By Jonny Lupsha, Wondrium Staff Writer
The Fourteenth Amendment to the U.S. Constitution details individual liberties. Its provisions and clauses outline the rights to life and liberty of a U.S. citizen. The guardianship of Britney Spears raises questions about personal liberties.
Having been forced onto a lithium regimen against her will and involuntarily placed on birth control 13 years ago, pop star Britney Spears has sought help from courts this year to regain her individual liberties. No ordinary piece of celebrity gossip, the conservatorship the singer has been under is being revealed as the nightmare that it has been for her. The ending of the conservatorship may start as a legal argument for individual rights guaranteed by the Fourteenth Amendment to the U.S. Constitution.
Placed under the care of her father, Jamie Spears, in 2008 amid her psychological struggles, she was recently told by a court that the court-appointed guardianship would remain in effect. In his video series Law School for Everyone: Constitutional Law, Professor Eric Berger, J.D., Professor of Law and the Associate Dean for Faculty at the University of Nebraska College of Law, explained the sections of the Fourteenth Amendment.
“Though Congress spent significant time debating Sections 2, 3, and 4, it is Section 1 that draws the most attention today,” Professor Berger said. “It states that all persons born or naturalized in the United States are U.S. citizens. Another provision holds that states may not abridge the privileges or immunities of U.S. citizens.”
Another provision of Section 1 of the Fourteenth Amendment declares that a state may not deprive its citizens of life, liberty, or property without due process of law. Finally, another provision says that the states cannot deny anyone equal protection of laws. These clauses—the Privileges or Immunities Clause, the Due Process Clause, and the Equal Protection Clause—concern individual rights and liberties, adding to those protected under the Constitution.
The Due Process Clause is best known for its use by the Supreme Court to protect substantive rights, rather than outline procedural rights. This doctrine is known as substantive due process and has allowed courts to identify rights that aren’t specifically listed elsewhere in the Constitution.
Substantive Due Process
“The roots of the substantive due process doctrine can be traced back to the era of the progressive movement in the late 19th century,” Professor Berger said. “Progressivism was partially a backlash against the Industrial Revolution, as concern began to grow about the poor and workers’ rights. During this period, several states passed laws regulating conditions of industrial labor and labor relations.”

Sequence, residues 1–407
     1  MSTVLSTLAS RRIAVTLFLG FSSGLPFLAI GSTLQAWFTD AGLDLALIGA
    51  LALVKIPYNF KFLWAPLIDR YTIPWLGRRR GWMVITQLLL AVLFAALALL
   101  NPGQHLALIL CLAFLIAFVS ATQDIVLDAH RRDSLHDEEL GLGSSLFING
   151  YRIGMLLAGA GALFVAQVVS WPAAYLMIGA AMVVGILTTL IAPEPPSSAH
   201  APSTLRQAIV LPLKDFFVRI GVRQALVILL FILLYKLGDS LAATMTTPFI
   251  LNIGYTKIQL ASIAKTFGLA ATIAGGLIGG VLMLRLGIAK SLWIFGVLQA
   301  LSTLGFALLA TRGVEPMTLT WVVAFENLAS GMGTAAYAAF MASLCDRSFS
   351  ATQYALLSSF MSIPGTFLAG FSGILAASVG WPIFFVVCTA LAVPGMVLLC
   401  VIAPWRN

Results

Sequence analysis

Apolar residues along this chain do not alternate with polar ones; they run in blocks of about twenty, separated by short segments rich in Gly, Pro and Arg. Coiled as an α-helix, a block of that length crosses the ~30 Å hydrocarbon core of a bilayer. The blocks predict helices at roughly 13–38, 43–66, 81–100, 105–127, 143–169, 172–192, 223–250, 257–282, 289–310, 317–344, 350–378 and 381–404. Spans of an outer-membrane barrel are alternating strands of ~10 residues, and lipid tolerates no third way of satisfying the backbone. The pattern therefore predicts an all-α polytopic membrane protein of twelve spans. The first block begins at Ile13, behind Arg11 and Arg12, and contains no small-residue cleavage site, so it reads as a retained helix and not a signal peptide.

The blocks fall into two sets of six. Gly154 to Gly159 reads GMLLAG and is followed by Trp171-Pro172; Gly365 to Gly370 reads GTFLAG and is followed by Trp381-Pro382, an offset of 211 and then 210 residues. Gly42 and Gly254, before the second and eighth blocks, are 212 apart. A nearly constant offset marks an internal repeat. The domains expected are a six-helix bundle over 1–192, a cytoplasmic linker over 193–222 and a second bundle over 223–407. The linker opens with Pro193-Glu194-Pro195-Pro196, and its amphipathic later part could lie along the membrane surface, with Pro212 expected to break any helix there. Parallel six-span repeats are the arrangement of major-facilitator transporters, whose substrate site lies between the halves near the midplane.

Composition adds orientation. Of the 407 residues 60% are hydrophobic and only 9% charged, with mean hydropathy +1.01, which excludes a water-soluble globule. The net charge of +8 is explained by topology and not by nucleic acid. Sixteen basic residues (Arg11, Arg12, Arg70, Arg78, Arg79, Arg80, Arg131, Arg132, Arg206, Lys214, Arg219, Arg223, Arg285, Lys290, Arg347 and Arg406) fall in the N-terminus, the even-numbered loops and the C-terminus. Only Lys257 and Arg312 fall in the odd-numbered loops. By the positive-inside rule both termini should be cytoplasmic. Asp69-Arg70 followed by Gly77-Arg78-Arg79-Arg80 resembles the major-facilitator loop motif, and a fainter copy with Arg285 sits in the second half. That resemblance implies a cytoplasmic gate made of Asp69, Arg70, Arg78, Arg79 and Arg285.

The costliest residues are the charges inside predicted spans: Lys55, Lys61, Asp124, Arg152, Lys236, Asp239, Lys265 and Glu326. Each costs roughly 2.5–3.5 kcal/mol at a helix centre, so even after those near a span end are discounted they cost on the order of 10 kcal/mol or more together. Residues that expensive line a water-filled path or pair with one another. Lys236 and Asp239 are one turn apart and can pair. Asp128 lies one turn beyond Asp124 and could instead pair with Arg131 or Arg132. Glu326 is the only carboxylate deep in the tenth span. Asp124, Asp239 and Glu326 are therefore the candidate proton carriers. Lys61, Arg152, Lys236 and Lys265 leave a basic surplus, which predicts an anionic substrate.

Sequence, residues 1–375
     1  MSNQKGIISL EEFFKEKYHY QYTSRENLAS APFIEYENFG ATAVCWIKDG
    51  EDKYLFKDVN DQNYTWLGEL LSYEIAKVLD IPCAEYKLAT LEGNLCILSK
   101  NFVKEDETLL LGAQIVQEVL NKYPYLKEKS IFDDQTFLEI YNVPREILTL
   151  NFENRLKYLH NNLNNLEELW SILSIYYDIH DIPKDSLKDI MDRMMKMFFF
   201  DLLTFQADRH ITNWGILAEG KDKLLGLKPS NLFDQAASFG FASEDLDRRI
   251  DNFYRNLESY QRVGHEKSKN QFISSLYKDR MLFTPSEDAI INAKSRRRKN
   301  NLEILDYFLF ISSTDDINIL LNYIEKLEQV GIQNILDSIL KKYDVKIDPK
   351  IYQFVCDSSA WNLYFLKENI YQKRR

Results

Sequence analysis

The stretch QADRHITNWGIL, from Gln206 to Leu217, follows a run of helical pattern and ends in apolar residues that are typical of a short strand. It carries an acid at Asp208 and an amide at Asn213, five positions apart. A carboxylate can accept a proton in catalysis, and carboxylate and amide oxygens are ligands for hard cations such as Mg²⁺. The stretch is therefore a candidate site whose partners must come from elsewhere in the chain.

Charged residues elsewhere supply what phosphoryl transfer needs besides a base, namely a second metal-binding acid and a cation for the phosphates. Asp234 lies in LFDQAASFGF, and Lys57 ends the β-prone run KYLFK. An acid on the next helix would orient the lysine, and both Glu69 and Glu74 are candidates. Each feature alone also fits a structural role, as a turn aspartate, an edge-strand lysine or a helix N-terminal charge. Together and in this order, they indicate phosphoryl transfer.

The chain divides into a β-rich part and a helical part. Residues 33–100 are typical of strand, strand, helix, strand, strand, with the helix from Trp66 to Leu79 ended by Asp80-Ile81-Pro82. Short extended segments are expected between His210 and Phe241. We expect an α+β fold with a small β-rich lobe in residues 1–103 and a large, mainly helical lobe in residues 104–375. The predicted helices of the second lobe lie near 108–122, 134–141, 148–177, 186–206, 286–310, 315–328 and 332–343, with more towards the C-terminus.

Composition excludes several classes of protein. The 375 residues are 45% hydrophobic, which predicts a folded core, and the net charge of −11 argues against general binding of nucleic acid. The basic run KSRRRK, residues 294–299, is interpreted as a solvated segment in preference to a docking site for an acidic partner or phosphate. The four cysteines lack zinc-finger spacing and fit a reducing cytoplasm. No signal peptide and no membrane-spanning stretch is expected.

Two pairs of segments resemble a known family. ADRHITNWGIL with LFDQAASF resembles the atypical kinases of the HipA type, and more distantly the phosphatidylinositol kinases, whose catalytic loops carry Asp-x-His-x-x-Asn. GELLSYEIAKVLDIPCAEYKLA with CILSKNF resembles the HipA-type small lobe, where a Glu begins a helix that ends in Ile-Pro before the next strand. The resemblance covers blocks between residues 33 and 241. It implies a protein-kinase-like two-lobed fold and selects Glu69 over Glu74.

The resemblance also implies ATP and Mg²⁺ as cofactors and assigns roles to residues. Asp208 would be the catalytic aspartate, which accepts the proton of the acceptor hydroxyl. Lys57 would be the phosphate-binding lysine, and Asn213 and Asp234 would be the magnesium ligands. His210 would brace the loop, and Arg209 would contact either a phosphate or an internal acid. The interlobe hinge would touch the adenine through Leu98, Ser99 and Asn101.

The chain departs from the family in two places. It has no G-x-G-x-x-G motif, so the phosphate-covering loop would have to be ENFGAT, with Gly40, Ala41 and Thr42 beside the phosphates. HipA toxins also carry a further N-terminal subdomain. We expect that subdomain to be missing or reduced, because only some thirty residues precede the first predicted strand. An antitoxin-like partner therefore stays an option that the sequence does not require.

One such law was the New York Bakeshop Act, which prohibited the employment of bakery workers for more than 60 hours per week, or 10 hours per day. A baker in Utica, Joseph Lochner, was convicted of violating the statute when he worked his employees for more than 60 hours. He argued that the state law interfered with his liberty of contract in the 1905 case Lochner v. New York—and the Supreme Court agreed, striking down the Bakeshop Act as unconstitutional.
“In so doing, the Court said that the right to contract that it protected could be found in the liberty component of the Due Process Clause of the Fourteenth Amendment—the ‘liberty’ part of the phrase ‘life, liberty, and property,'” Professor Berger said. “The Court reasoned that the right to contract was part of the liberty the clause protected. By the late 1930s, however, the Court disavowed Lochner‘s use of the Due Process Clause.”
Professor Berger said that in one 1937 case, West Coast Hotel v. Parrish, the Supreme Court upheld minimum wage law for women, arguing that Lochner‘s “freedom of contract” rights were nowhere to be found in the Constitution. The case also began the Court’s employment of a deferential rational basis test when reviewing economic legislation that was being challenged on substantive due process grounds. In other words, so long as the law in question was rational, courts would uphold it.
Some of the specific facts in the Spears case, such as her family forcing her to undergo an IUD insertion procedure for birth control, to prevent future pregnancies, could end up as key evidence in her fight to end her conservatorship.